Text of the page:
Professor Scott Simon: Taiwan’s Indigenous Peoples and Their Connection to Ecology Ep 99

19 October 2020

A note from Talking Taiwan host Felicia Lin:


Earlier this year, I spoke with Professor Scott Simon about his research on Taiwan’s indigenous peoples. He is a Professor in the School of Sociological and Anthropological Studies and Co-holder of the Research Chair in Taiwan Studies at the University of Ottawa. He’s done research in Taiwan since 1996, spent an accumulated 10 years of residence in the country, and published 3 books about Taiwan. We talked about Taiwan as the cradle of Austronesian peoples and culture, and what the designation of a group of people as “indigenous” means from an international law perspective. What’s interesting to me is how Professor Simon’s work invites us to think of Taiwan as a Pacific island nation rather than a renegade province of China.


Here’s a little preview of what we talked about in this podcast episode:


  • How Professor Simon got interested in the indigenous peoples of Taiwan
  • How there were a lot of changes pertaining to the indigenous peoples of Taiwan around 1996
  • The indigenous people that Professor Simon met while in Taiwan
  • What brought Professor Simon to Taiwan initially in 1996
  • How Professor Simon had initially planned to obtain his PhD in China but ended up doing it in Taiwan
  • How Professor Simon’s research on Taiwan’s indigenous peoples and economic development led him to study the ecology and environment, and the study of Austronesian peoples
  • The connection between the Bhatani Islands of the Philippines and Taiwan
  • The similarity between the CHamoru language (of the people of Guam) with the Truku language of the Taiwanese indigenous people and Tao language spoken in Taiwan’s Orchid Island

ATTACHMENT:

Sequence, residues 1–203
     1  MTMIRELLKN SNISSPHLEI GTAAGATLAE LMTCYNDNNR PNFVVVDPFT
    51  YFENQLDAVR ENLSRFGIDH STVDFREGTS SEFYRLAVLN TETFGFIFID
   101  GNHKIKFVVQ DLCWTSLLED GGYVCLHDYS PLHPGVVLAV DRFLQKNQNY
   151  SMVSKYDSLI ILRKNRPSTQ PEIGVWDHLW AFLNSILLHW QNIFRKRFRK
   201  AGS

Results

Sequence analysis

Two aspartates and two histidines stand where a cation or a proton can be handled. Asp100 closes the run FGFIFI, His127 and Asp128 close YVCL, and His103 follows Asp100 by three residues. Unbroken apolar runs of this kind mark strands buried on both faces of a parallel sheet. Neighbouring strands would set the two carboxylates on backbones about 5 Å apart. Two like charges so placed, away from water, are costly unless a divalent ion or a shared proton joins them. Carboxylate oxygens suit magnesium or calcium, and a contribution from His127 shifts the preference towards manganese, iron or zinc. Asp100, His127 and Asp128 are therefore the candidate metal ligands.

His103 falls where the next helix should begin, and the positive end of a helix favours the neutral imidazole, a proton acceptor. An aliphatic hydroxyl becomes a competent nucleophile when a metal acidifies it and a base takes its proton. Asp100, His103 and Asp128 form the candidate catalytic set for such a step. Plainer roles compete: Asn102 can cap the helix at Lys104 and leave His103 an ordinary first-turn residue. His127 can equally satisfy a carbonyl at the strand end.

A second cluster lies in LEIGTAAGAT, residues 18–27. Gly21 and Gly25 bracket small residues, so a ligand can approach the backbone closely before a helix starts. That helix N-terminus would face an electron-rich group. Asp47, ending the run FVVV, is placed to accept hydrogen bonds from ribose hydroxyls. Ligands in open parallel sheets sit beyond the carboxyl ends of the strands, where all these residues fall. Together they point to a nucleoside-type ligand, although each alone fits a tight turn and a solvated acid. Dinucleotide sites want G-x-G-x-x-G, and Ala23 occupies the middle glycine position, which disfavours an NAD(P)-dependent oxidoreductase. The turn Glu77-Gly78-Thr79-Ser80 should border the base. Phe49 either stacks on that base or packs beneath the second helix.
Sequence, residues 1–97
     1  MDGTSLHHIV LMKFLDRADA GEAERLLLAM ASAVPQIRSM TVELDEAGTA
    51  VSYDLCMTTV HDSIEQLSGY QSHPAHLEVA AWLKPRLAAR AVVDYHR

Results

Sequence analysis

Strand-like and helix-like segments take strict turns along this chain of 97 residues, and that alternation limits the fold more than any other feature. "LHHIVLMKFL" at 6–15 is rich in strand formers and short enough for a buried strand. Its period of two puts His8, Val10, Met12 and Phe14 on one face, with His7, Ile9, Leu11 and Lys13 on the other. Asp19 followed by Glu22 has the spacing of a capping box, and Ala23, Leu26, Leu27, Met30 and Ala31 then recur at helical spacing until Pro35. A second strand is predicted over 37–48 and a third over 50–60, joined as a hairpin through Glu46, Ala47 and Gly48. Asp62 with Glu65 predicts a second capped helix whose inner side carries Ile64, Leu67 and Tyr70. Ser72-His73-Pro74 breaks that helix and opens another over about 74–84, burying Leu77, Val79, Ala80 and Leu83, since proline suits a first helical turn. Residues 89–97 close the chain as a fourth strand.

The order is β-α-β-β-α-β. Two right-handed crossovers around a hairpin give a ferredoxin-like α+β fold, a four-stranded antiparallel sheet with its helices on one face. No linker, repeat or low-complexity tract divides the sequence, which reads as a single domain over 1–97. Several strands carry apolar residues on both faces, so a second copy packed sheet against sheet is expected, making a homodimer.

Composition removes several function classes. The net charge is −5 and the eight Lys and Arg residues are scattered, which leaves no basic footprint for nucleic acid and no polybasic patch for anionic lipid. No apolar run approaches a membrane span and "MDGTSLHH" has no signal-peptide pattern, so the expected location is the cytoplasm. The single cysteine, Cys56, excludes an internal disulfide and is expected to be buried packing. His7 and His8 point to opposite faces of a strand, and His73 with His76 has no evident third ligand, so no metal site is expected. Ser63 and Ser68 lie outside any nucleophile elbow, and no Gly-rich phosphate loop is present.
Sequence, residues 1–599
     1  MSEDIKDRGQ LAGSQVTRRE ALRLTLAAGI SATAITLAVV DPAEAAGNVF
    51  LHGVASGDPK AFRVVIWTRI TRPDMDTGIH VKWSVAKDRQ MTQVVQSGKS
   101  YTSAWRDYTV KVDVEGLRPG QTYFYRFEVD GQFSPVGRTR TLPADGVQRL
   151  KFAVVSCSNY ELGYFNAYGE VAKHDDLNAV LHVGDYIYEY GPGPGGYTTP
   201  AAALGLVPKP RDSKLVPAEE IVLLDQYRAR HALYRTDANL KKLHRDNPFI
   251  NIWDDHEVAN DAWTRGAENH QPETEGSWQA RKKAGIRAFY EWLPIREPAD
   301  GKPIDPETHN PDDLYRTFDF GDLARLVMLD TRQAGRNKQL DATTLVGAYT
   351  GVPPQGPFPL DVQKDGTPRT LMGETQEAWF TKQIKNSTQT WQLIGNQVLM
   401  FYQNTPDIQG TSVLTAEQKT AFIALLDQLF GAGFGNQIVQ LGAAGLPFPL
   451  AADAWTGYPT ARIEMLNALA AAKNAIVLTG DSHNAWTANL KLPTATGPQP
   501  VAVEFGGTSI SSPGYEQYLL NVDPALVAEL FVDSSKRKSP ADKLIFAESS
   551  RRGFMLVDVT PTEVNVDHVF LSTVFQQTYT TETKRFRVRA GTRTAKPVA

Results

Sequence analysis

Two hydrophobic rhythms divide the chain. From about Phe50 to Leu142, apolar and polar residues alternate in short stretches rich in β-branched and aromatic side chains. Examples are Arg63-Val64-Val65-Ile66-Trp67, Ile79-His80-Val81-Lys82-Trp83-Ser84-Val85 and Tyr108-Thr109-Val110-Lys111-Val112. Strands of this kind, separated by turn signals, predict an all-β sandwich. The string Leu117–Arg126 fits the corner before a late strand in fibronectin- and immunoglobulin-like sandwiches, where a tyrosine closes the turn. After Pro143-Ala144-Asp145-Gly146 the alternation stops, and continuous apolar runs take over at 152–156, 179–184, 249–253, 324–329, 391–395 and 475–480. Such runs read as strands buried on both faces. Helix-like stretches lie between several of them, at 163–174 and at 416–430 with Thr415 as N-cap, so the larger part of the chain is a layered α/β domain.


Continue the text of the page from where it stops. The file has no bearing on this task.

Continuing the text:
• Looking at Taiwan as a Pacific island nation and not just as connected to China
  • Taiwan’s connection to Guam, Marieta Islands, Carolina Islands, Maori of New Zealand and Easter Island
  • Book recommendations for people wanting to learn more about Taiwan’s indigenous peoples
  • The difference between categorizing a group of people as indigenous vs. an ethnic minority
  • The three nations in Asia that recognize indigenous peoples
  • The political implications that come with a group of people being declared indigenous



Related Links:


Professor Scott Simon’s author page on The Center for International  Policy Studies of the University of Ottawa website:


Undoing Fieldwork in a Time of Epidemic by Scott Simon:


Professor Scott Simon’s books:



Tanners of Taiwan: Life Strategies and National Culture:



Sweet and Sour: Life-Worlds of Taipei Women Entrepreneurs:



Sadyaq Balae ! L’autochtonie formosane dans tous ses états (Scott’s French language book about the indigenous peoples of Taiwan):


Book Recommendation:


The Aborigines of Taiwan: The Puyuma : from Headhunting to the Modern World by Josiane Cauquelin:


China’s Coronavirus Pandemic Lack of Transparency: An Interview with Scott Simon Ep 72


Tony Coolidge: Finding his Indigenous Roots in Taiwan Ep 112


Hong Kong Security Law: An Interview with Political Commentator Gordon Chang Ep 85